Dormancy, germination and seed bank storage: a study in support of ex situ conservation of macrophytes of southwest Australian temporary pools
Article first published online: 13 APR 2010
© 2010 Blackwell Publishing Ltd
Volume 55, Issue 5, pages 1118–1129, May 2010
How to Cite
TUCKETT, R. E., MERRITT, D. J., HAY, F. R., HOPPER, S. D. and DIXON, K. W. (2010), Dormancy, germination and seed bank storage: a study in support of ex situ conservation of macrophytes of southwest Australian temporary pools. Freshwater Biology, 55: 1118–1129. doi: 10.1111/j.1365-2427.2010.02386.x
- Issue published online: 13 APR 2010
- Article first published online: 13 APR 2010
- (Manuscript accepted 25 November 2009)
- physiological dormancy;
- warm stratification;
- Western Australia
1. Vernal pools and rock pools (gnammas) in the Southwest Australian Floristic Region are forms of temporary wetlands that are under threat. Some of their aquatic macrophytes are rare and/or endemic, and there is a need to develop off-site seed banks to assure their conservation. Here, we report results of the first comprehensive study of the seed germination, dormancy and seed storage behaviour of nine indigenous macrophyte species.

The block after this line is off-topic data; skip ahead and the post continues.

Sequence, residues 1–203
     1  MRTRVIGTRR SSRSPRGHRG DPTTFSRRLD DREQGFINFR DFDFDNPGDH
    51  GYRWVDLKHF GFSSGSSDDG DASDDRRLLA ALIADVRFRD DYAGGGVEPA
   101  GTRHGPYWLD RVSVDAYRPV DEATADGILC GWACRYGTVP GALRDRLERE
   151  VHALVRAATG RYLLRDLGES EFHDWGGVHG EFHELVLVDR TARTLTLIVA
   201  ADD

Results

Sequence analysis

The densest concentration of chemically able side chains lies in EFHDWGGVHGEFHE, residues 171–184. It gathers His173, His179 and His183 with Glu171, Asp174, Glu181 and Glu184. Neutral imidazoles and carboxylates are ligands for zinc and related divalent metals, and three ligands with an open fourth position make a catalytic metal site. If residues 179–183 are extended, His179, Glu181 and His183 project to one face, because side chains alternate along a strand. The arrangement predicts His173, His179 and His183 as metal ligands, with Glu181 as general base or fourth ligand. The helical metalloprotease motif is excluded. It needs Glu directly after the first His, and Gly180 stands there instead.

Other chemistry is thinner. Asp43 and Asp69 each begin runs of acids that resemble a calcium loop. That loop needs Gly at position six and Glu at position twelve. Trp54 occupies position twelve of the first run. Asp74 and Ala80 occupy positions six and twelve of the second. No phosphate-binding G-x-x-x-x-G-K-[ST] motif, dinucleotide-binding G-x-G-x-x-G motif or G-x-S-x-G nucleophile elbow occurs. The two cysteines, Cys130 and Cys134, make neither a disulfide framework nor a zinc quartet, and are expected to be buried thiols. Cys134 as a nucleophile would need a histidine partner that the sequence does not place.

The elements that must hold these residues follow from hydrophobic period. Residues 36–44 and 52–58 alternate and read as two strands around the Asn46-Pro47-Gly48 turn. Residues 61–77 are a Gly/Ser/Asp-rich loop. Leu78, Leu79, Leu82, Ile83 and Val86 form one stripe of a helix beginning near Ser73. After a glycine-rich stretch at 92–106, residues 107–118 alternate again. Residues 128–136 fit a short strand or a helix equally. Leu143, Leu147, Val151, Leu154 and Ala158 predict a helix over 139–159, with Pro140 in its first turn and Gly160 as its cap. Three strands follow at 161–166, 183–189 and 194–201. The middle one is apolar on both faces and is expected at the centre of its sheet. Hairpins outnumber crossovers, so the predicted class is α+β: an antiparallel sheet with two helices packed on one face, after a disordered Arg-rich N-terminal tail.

2. Seeds of Glossostigma drummondii, Myriophyllum balladoniense, M. lapidicola, M. petreaum and Triglochin linearis were non-dormant, whereas those of Damasonium minus, Glossostigma sp. (currently undescribed), G. trichodes and Myriophyllum crispatum were dormant. Non-dormant seeds germinated over a range of temperatures (5–20 °C) but temperatures at which highest germination occurred were species specific. All species demonstrated a germination preference for the light. Warm stratification substantially increased germination of dormant Glossostigma trichodes seeds and all dormancy-breaking treatments partially overcame dormancy in Glossostigma spp.
3. Seeds possessed orthodox storage behaviour (tolerating drying to 5% moisture content and storage at −18 °C) and are thus amenable to seed banking as a means of ex situ conservation.
4. It appears that seeds of most species are able to germinate upon inundation as long as they are situated at the soil surface. Thus, species are opportunistic and respond to the first rains of the season providing prompt ecological cuing in an environment vulnerable to rapid drying events. Maintaining the integrity of the soil crust may be an important first step for on-site conservation if seeds are in the superficial layers.